Cinedome & Festival Park


Opened in 1996, the museum’s Cinedome (right) was the first large-format theater in Indianapolis.

When it opened in 1996, the Cinedome at The Children’s Museum was the only theater in Indianapolis capable of showing large-format films. Built as part of a $14-million expansion project and designed by Browning Day Mullins Dierdorf Architecture, the 310-seat Cinedome was an Iwerks theater that mostly featured nature and travel films from the National Geographic Society and other sources.

Included before every showing was Imagine Indiana, a specially commissioned 7-minute film that provided an aerial view of Indianapolis and central Indiana ranging from the museum to the Indianapolis Motor Speedway to the Indiana State Fairgrounds to the Indiana State Capitol building (with the Indianapolis Children’s Choir singing inside its rotunda) to the city’s downtown district. Making good use of the large-format screen, it proved very popular with audiences throughout the years.

Festival Park

Located directly in front of the museum, Allen W. Clowes Festival Park was a place for outdoor events, programs, and exhibits.

The same project that resulted in construction of the Cinedome also produced Allen W. Clowes Festival Park, a 12,000-square-foot open area designed for special outdoor events. Over the years it was the site of a variety of programs and activities, including a temporary studio set up to demonstrate the art of blowing glass during the 2006 debut of renowned glass artist Dale Chihuly’s Fireworks of Glass, the exhibit and 43-foot-tall multicolored tower of blown glass that rises through the museum’s core.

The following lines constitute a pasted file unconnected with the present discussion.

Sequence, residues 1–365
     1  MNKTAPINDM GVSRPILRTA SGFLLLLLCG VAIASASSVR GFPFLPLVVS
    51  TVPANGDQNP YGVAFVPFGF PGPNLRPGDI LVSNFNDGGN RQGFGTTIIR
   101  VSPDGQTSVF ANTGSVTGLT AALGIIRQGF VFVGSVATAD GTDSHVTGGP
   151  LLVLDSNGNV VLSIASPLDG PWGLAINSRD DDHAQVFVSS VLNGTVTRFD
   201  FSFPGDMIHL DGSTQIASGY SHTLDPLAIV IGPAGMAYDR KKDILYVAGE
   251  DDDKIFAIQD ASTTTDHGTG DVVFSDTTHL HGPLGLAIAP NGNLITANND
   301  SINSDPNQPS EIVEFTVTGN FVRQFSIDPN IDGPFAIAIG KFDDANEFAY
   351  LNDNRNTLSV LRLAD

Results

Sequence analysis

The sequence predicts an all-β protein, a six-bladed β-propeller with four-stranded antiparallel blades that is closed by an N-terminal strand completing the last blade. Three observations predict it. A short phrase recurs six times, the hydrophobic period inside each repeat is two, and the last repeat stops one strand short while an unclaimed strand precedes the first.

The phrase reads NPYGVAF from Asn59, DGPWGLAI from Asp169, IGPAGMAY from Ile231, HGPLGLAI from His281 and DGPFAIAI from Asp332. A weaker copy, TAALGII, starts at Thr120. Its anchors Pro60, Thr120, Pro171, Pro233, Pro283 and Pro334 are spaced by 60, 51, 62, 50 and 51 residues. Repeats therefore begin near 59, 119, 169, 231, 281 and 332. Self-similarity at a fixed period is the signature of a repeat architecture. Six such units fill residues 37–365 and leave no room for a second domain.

Cinedome Conversion to Dinosphere

The Cinedome fell victim to the emergence of other large-format theaters in Indianapolis. Limited attendance and costly maintenance led to its demise: in 2003 the theater was gutted to be transformed into Dinosphere: Now You’re in Their World, the museum’s popular exhibit that immerses visitors in the Cretaceous Period, 65 million years ago. The huge space, now defined on the exterior by a large curved wall through which a trio of dinosaurs appears to have smashed their way to freedom, is no longer home to larger-than-life movies, but it still puts on a great show as the home of large-in-life prehistoric creatures.